- Golf tees or Toothpicks- I’ve seen this fix mostly used around the croze or the chime of a barrel. Using the toothpick fix is pretty much pressing the end of the toothpick into the hole, it may require more than one. A word of caution, this can make the leaky hole larger too, but many have used it successfully.
Spile or Golf Tee (unpainted/non treated)- File or whittle down the spile/tee and hammer tap it into the hole. Here is a great video and here is great reference sheet on this technique.
- DIY Pastes– These are pastes made to a consistency of really really thick oatmeal. The most common is a combo of unbleached flour and distilled water. Start with 1 cup of unbleached flour and begin slowly mixing in 1/4 cup of water until it is a thick moist paste (think drywall mud or joint compound). I do know of one brewer who has successfully used only flour to fix a leak. Some have used a small amount of blackboard chalk / Calcium Carbonate in the mix too.
Chalk /Calcium Carbonate and garlic is another old school fix. Mixed to a very thick paste and dabbed on with your finger.
Multiple application maybe necessary. I have never used either of this techniques, so hopefully someone who has can chime in with any additional information.
- Aquarium or Food Service Caulk/Sealant– Now this a touchy or tricky fix due to the fact of what is considered “food grade” by law and code in certain areas of the world.
These are sealants made to obviously seal up aquariums. They are designed to not leach out any harmful chemicals into the water that could kill the fish or plant life. Some are listed as “food grade” water sealants and are used on walk in coolers, salad bars, dishwashers and ice makers. They are available in a number of places ranging from Home Depot to Amazon to Pet Stores in the form of squeeze tubes or sprays. The picture I am using is one example of many available, but they are always 100% silicone and usually clear in color.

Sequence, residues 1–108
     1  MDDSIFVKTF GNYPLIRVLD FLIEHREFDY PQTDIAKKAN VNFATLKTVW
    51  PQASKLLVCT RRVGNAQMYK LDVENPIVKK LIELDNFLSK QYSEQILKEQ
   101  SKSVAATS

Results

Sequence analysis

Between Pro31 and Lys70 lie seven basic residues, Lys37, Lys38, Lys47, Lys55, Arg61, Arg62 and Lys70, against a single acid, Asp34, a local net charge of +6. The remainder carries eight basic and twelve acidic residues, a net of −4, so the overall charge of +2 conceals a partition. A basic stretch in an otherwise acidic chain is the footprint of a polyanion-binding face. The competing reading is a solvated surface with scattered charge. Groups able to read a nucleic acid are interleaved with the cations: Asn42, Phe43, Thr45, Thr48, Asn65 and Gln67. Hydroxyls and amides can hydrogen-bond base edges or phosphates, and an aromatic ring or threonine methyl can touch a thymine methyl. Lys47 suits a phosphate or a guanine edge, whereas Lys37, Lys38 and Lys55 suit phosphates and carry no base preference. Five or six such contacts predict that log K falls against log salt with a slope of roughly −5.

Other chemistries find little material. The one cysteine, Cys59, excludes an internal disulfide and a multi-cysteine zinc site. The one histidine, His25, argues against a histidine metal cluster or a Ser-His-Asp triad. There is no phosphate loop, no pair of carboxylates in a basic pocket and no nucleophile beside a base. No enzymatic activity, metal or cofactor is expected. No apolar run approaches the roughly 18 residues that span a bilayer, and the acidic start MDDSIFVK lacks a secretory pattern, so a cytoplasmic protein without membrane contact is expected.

- Force it!- Using a mallet or hammer to tap a leaky stave down or the hoop can work wonders.
Others- (None of these I have used, only heard about) Pure beeswax or Petroleum Jelly, a hair drier/heat gun/torch to caramelize the sugars of leaking beer, paper towel or toilet paper pressed against a small weep.Comment and let me know how you’ve fixed a leaking barrel!Make sure you follow Embrace The Funk on Twitter and Facebook.
First thing I do when buying my barrels is ask when they were emptied. I choose barrels that were emptied from their previous liquid within a week if wine, a month if spirits, at most. If it leaks, the first thing I would do is to soak the exterior in warm water for 12 hours on each side of the head of the barrel. I would then perform a leak test. If it still leaks I would repeat the water soak per each head. If barrel was designed to hold beer/ wine/ liquor, it will swell back to original holding capability. Once barrel holds fluid, you must steam the interior of the barrel to adequately sanitize knowing that even with proper steam sanitation it may prove a risky vessel for “clean” fermentation. Barrels are challenging. I love them but take great care when buying and never buy barrels that don’t seal well because they simply do not function as needed in brewing. If you want the challenge of restoring leaky barrels…it can be cumbersome and require multiple attempts to reseal.
how do you steam the interiors?
You can buy steamers. I use a Wallpaper steamer
The art of cooperage: a treatis on modern shop practice and methods – Wagner, Joseph Bernard
I have used the garlic/chalk method and it has worked rather well. Sometimes a very leaky barrel will require multiple applications. The paste needs to be thick and finger application is a great method. The paste dries pretty fast and forms a great seal. It is a very easy/cheap fix and I usually have it around the house.